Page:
# Is a stabilizer subgroup a symmetric subalgebra?

Consider the Lie algebra $$\mathfrak{su}(n)$$ and the set of operators that do not change the direction of the vector $$\psi$$, $$K:=\{ s\in \mathfrak{su}(n)\ :\ s \psi \propto \psi \}.$$

Let $$P$$ be the orthogonal complement of $$K$$, $$\mathfrak{su}(n)=K\oplus P$$.

I would like to show that $$K$$ is a symmetric (Lie) subalgebra, $$[K,K]\subset K, \quad [K,P]\subset P, \quad [P,P]\subset K.$$

The first two relations are shown by just acting with the commutator on $$\psi$$ (after choosing arbitrary elements from the respective sets). I checked the third relation for $$\mathfrak{su}(2)$$ and $$\mathfrak{su}(3)$$, but I can't find a way to show it for $$\mathfrak{su}(n)$$.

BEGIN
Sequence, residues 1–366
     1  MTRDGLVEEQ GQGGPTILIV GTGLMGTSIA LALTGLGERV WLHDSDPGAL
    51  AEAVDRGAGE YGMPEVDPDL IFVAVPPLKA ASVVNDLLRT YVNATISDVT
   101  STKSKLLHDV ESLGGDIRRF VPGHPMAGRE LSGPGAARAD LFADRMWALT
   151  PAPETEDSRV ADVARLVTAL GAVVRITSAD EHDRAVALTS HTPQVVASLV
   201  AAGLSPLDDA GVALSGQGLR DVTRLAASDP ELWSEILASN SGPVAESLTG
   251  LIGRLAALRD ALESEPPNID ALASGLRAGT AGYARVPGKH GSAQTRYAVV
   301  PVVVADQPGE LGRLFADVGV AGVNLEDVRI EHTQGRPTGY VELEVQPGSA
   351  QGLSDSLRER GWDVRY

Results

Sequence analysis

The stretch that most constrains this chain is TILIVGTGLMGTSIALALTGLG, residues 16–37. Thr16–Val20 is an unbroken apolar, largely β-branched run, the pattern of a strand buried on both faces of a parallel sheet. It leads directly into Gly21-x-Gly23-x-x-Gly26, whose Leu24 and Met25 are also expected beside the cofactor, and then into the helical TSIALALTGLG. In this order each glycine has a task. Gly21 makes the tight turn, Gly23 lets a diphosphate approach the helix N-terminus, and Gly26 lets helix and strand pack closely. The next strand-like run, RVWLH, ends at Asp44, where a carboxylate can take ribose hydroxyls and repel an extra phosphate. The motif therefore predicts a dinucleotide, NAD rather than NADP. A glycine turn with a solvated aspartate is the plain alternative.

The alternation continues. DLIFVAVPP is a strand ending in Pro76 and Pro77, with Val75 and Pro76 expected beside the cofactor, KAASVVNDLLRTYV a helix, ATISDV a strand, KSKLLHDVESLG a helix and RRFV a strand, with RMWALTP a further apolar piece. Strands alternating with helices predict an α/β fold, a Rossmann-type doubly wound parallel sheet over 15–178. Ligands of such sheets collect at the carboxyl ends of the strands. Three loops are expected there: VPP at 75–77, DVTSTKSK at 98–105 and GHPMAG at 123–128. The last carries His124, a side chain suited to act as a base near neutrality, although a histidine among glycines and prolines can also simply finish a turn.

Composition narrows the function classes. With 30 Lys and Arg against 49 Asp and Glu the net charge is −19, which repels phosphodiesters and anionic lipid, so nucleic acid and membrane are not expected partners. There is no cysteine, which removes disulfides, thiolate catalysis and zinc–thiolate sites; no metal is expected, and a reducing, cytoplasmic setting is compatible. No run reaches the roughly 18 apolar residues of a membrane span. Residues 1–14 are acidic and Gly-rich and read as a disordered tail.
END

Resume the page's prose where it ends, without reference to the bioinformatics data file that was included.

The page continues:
• By "orthogonal" you mean with respect to the Killing form, right? -- Also, maybe that's a clear convention in your setting, but what vector space exactly do we let the Lie algebra act on here, i.e. $\psi$ is an element of what? I presume $\Bbb C^2$ but seen as four-dimensional real vector space? – Torsten Schoeneberg Apr 23 at 16:39
• Yes, I mean with respect to the Killing form. The vector $\psi$ is an element of $\mathbb C^n$, if you want it is represented as an $n$ dimensional coulmn vector with complex entries. – Georg May 6 at 9:37